Update: this article was brought to my attention by a Maghribist and I thought it germane to this post.

Lynn Worsham, "Fast Food Scholarship," The Chronicle of Higher Education, December 12, 2011; accessed online December 14, 2011. Available online: <>

Saturday, November 26, 2011


Welcome to all those who have randomly stumbled across this blog. It is intended to be a majmaʿ, or repository of sorts, of all things Mughal, or curious and delightful finds that may be of interest to a Mughalist, lay or trained. It's likely to reflect my random interests in Mughal history than necessarily more popular or pressing issues of Mughal historiography, and its likely not to be overly articulate as I tend not to be, but I promise to not adorn my prose like those I study. And so, as people often say, a picture is worth more than a thousand words I shall introduce a telling (and pertinent, considering the recent  and uneven spate of work on early Mughal India and women during this time period) one of Bābur seeking the advice of his grandmother, Esän Dawlat Begim, regarding the rebellious Ḥasan Yaʿqūb. Bābur said of her "Few amongst women will have been my grandmother's equals for judgment and counsel; she was very wise and far-sighted and most affairs of mine were carried through under her advice." (Annette Beveridge's translation of the Bābur-nāmah from Chagatay Turkish, vol. I p. 43).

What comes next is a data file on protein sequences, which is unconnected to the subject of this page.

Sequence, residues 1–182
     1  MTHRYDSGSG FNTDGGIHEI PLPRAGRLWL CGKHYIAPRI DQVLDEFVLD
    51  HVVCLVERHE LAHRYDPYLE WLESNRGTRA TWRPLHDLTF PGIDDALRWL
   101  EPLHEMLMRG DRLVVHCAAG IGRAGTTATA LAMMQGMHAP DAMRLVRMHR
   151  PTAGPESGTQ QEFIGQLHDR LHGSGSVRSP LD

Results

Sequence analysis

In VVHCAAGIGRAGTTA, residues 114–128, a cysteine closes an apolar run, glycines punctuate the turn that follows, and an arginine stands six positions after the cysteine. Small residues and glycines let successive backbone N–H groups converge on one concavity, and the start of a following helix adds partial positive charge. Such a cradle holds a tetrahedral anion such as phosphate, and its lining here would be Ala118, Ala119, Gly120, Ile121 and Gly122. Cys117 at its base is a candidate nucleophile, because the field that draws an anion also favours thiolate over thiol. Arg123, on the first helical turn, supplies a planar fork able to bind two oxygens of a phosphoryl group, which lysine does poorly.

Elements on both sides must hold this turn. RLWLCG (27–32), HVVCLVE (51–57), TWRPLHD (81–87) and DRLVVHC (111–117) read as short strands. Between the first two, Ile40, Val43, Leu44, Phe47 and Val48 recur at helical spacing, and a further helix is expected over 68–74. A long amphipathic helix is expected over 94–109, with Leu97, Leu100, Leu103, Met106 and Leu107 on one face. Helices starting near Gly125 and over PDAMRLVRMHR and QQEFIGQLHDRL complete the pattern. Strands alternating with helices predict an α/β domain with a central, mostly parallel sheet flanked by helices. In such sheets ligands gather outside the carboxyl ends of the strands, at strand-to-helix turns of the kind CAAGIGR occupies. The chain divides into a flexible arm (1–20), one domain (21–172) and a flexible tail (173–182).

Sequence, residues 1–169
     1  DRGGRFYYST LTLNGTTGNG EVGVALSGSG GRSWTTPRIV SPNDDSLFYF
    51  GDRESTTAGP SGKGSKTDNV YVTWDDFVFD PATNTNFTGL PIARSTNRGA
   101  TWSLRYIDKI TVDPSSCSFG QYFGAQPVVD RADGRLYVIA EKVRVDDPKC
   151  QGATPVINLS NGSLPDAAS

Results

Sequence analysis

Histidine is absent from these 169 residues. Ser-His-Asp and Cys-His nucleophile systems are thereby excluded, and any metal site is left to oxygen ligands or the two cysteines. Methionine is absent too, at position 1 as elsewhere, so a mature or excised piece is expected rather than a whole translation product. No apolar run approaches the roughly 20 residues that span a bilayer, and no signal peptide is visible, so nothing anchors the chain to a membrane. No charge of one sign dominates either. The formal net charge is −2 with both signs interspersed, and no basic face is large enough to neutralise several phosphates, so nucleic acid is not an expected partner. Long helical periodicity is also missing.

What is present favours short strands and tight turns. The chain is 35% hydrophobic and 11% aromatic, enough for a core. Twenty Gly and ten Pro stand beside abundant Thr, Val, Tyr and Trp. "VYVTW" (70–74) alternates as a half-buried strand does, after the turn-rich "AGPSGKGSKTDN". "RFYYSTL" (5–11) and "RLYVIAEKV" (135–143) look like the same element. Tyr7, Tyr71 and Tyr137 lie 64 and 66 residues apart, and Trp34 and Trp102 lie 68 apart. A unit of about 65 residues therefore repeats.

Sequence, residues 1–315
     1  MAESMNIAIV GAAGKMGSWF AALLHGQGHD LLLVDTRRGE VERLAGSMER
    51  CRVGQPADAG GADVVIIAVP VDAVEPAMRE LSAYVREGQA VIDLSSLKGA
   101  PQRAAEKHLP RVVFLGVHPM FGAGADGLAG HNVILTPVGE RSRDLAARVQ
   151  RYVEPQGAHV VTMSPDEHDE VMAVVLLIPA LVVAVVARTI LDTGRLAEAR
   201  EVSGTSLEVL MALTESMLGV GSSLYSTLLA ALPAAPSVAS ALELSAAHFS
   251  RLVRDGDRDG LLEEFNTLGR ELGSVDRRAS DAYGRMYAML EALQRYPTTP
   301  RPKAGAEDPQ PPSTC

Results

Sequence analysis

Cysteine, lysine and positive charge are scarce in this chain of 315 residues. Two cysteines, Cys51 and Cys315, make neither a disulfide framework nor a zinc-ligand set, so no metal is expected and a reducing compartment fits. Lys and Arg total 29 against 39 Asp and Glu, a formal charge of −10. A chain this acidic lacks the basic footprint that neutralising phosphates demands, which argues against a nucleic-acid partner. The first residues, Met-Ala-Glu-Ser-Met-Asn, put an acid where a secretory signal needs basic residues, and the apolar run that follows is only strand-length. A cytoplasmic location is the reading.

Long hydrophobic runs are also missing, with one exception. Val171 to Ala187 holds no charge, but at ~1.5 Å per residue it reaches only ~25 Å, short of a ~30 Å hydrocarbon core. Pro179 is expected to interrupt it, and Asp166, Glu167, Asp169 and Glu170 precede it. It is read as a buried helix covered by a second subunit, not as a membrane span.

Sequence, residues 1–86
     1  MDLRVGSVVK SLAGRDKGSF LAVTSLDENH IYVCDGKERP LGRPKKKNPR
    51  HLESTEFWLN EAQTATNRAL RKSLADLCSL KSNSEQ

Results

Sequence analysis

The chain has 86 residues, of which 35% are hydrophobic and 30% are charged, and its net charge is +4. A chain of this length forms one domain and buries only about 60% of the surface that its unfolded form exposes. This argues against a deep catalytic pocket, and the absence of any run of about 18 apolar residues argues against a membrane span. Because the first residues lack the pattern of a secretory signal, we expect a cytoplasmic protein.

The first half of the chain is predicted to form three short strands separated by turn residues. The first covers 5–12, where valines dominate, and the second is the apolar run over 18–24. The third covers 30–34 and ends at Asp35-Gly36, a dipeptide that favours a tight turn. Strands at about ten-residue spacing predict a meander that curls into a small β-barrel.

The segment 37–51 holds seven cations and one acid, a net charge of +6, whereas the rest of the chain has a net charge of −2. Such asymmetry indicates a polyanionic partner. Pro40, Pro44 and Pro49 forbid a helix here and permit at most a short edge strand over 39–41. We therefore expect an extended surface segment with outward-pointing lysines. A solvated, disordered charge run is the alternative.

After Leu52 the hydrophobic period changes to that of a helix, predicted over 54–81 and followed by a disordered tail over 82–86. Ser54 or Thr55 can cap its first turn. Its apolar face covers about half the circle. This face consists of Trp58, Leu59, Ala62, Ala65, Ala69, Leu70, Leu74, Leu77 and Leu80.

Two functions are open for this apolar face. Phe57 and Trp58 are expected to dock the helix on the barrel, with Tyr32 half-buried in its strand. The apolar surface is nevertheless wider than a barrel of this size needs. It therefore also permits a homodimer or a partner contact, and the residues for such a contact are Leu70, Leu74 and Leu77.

Morgan Museum MS M.458.18.
Artist: Sānvalah (fl. 1580s–1590s).
The image is from the Morgan Museum's website for their Islamic Manuscripts collection.